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Study the Bible

How To Study The Bible – Part 4

written by on the topic of Bible Studies on August, 2013

Last time we looked at several principles we should use as we read and study God’s Word. By way of review we learned that hermeneutics is the science of Biblical interpretation, exegesis is the interpretation of a text, and exposition is the finished product of exegesis. Let’s examine a very important hermeneutical principle.

Literal Approach
We should interpret Scripture plainly/literally unless given a reason otherwise. The Bible should be read like any other book. Scripture teaches us that God made Adam and Eve. The common sense reader interprets this literally to mean exactly what it says. A real God created a man named Adam and a woman named Eve. The student of Scripture is not given a reason to interpret this in any other way but literally.

The unfortunate danger is that some choose to view the Bible as a book of symbols that carry subjective meanings. This is often referred to as spiritualizing the text. Priority ought never to be handed to an allegorical, symbolic or typological interpretation. If these other kinds of interpretation are to take precedence, let it be first demonstrated that the plain-sense cannot make sense.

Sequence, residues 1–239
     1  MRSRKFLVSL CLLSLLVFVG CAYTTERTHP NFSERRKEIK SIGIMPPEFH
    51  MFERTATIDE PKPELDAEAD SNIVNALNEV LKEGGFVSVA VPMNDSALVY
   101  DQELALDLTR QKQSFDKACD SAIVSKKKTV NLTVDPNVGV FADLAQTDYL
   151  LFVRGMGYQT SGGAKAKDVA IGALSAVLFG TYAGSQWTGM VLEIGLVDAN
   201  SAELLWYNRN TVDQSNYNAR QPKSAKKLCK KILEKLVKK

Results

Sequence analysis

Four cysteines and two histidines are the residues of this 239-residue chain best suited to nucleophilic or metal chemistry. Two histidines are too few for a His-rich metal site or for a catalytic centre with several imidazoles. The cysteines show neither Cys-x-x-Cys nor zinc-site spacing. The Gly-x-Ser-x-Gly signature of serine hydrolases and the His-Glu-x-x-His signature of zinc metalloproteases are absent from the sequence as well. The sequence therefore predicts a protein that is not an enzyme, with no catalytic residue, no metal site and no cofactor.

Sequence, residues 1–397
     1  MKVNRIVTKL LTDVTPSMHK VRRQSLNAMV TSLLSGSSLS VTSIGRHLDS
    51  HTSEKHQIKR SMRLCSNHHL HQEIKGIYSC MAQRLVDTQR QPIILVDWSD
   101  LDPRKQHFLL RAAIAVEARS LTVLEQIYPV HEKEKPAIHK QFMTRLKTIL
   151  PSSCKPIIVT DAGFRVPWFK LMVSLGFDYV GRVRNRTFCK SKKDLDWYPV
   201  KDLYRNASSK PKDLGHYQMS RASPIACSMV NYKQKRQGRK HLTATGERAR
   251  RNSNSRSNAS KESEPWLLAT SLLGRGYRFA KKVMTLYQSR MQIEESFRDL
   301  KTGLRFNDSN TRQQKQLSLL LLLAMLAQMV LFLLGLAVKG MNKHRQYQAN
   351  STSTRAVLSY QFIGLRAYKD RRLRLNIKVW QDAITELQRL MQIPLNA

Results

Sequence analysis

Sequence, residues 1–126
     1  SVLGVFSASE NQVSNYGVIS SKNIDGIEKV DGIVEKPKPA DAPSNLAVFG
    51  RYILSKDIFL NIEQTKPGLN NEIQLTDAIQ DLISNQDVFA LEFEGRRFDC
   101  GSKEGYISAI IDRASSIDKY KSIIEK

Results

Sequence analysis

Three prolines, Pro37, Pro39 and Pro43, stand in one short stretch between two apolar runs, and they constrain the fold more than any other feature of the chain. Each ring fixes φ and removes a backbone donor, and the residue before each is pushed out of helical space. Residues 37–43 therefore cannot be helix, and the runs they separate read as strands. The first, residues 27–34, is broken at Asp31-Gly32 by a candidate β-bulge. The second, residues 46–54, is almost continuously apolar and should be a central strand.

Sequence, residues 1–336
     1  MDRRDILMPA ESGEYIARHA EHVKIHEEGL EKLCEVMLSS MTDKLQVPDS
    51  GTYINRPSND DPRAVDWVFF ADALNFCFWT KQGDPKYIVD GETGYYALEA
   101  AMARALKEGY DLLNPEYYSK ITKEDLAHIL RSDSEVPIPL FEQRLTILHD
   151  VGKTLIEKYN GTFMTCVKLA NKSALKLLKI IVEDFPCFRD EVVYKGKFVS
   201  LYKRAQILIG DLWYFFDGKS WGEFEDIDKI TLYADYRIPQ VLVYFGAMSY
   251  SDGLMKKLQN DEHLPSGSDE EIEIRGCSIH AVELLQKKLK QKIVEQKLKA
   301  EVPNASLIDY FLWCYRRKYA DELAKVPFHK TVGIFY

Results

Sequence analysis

Plain interpretation takes into account symbols, figures of speech, and types. Metaphors, parables, and similes are used to convey a literal truth or meaning. For example, the saying “it is raining cats and dogs,” conveys the literal truth that it is raining hard.

There should always be a bias in favor of the “plain-sense” reading of the text. Here are three arguments for promoting a heavy preference toward a literal or plain interpretation:

God created language for the purpose of communicating and revealing Himself to man. We should abide by the normal rules of language that God created.

If most of the Bible is to be interpreted literally, such as fulfilled prophecy, then literalism should be the preference.

If one does not use the literal/plain interpretive model then all objectivity is lost. Wild, diverse, and unorthodox doctrines will quickly ensue.
Next time we’ll examine several more principles for Biblical interpretation.

About the Author

Lank Oxendine is a full-time professor and the Dean of Men at Golden State Baptist College.

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1 comment

  1. Curtis W Starling

    Sep 3, 2013

    I agree with your explanation on how to interprete the bible.


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